Cricket World Cup; Glenn Maxwell still managing ankle issues

Star Australian all-rounder Glenn Maxwell has conceded he’s still testing the limits of what his injured ankle can do but will be “100 per cent ready” for his team’s opening World Cup clash against India on Sunday in Chennai.

Maxwell had missed more than six months of international cricket due to a flare-up with his previously-broken leg which halted his return in South Africa before he returned home for the birth of his first child.

He played the last of three ODIs against India and showed his World Cup value smashing six-sixes in a team high score of 77 as Australia defeated Pakistan in the final warm-up match before the tournament begins.

Maxwell said he’s still working out how to best manage the ongoing issues with his ankle and has been experimenting with things like taping and how to warm-up.

But the 34-year-old, who also bowled eight overs, said he got through the clash against Pakistan as well as could have been hoped and he’s finding the best ways to be at his best for the tournament.

“I feel 100 per cent ready for that opening game,” he said after the game.

“We were testing out a few things like how we tape the ankle, how it bounces back after being a bit stiff, not warming up, so we’ve tested a few things out.

“I had two different spells out on the field bowling as well as running around just to see how the ankle reacts when it is put under a bit of duress.

“Even though I batted for a while I left a fair bit in the tank running between the wickets, I didn’t have to bat at the back end so I wasn’t moving around too much.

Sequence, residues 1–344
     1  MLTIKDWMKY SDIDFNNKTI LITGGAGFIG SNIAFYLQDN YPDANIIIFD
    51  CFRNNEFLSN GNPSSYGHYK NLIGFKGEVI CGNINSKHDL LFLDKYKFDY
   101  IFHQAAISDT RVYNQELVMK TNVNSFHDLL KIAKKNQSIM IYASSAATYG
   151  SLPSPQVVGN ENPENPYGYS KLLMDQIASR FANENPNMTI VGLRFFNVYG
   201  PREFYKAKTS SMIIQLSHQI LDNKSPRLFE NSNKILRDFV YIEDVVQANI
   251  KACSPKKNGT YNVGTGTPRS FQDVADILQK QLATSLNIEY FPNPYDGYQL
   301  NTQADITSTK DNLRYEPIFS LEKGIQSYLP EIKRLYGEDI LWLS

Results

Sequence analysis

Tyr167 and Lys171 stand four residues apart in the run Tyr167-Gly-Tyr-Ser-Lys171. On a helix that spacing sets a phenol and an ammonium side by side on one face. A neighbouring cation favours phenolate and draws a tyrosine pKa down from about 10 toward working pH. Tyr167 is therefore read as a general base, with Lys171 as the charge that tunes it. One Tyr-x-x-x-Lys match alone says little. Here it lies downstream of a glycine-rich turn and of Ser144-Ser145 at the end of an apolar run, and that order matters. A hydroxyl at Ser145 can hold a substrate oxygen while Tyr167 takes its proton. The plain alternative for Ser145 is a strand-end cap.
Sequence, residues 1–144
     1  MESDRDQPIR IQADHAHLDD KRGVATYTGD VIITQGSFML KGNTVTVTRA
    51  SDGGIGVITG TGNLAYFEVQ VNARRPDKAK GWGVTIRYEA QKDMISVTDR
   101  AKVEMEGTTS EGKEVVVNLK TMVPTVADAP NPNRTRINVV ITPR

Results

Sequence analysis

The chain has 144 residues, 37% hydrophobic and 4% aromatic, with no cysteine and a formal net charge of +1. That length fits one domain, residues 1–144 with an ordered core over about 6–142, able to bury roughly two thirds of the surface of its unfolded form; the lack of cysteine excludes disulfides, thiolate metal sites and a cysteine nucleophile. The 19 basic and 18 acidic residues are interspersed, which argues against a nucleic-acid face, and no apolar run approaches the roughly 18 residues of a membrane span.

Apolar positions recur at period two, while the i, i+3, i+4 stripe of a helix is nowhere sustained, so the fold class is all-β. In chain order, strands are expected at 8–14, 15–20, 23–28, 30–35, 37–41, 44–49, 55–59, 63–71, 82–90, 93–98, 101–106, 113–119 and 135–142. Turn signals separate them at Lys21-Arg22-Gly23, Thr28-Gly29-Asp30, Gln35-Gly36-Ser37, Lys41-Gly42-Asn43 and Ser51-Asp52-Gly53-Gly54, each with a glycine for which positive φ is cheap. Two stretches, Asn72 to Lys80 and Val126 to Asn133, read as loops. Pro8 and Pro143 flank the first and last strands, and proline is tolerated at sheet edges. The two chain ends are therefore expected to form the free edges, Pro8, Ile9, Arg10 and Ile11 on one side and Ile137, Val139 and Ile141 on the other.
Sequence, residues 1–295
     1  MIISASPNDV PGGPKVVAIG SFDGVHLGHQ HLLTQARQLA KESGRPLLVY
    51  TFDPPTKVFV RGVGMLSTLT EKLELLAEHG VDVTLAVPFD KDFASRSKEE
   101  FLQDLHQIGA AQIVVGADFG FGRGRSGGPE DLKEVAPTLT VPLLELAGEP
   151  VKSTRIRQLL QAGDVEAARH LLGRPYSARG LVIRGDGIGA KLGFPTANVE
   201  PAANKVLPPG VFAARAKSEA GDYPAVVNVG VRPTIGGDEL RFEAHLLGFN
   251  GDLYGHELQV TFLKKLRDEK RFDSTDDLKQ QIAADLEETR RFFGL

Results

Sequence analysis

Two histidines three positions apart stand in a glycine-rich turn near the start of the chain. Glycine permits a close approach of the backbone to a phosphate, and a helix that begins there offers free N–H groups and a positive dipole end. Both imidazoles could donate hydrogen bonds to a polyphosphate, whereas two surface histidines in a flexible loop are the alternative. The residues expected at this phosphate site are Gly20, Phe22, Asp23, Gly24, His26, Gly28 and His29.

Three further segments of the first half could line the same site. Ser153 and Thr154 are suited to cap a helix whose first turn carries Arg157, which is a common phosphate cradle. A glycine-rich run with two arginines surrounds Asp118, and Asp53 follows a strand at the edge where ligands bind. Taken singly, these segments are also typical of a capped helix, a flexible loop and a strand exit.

“So to counter that I was having a bit of a bowl and seeing how it feels coming on cold.

“For me personally, that was the perfect test to see how it goes under those different bits of duress and I feel like I have come out the other side really well.”

Maxwell’s bowling looms as crucial for Australia’s World Cup chances with just one specialists spinner, Adam Zampa, in the 15-man squad and no help from injured opener Travis Head early in the tournament.

He said the ball was coming out “out as well as it ever has” in a positive sign for his team.

Both Marnus Labuschagne and David Warner also bowled against Pakistan and Maxwell said getting extra overs in the hot conditions was something the Australians needed to have in their weaponry.

“It was crucial for those other guys to get some overs in just to see how they go and I suppose that’s why Heady gives us such a great balance to have that extra spin option,” he said.

“We can see how successful it can be over here to get through an over here or there, keep the run rate down and allow the quicks a rest to come back at them.”

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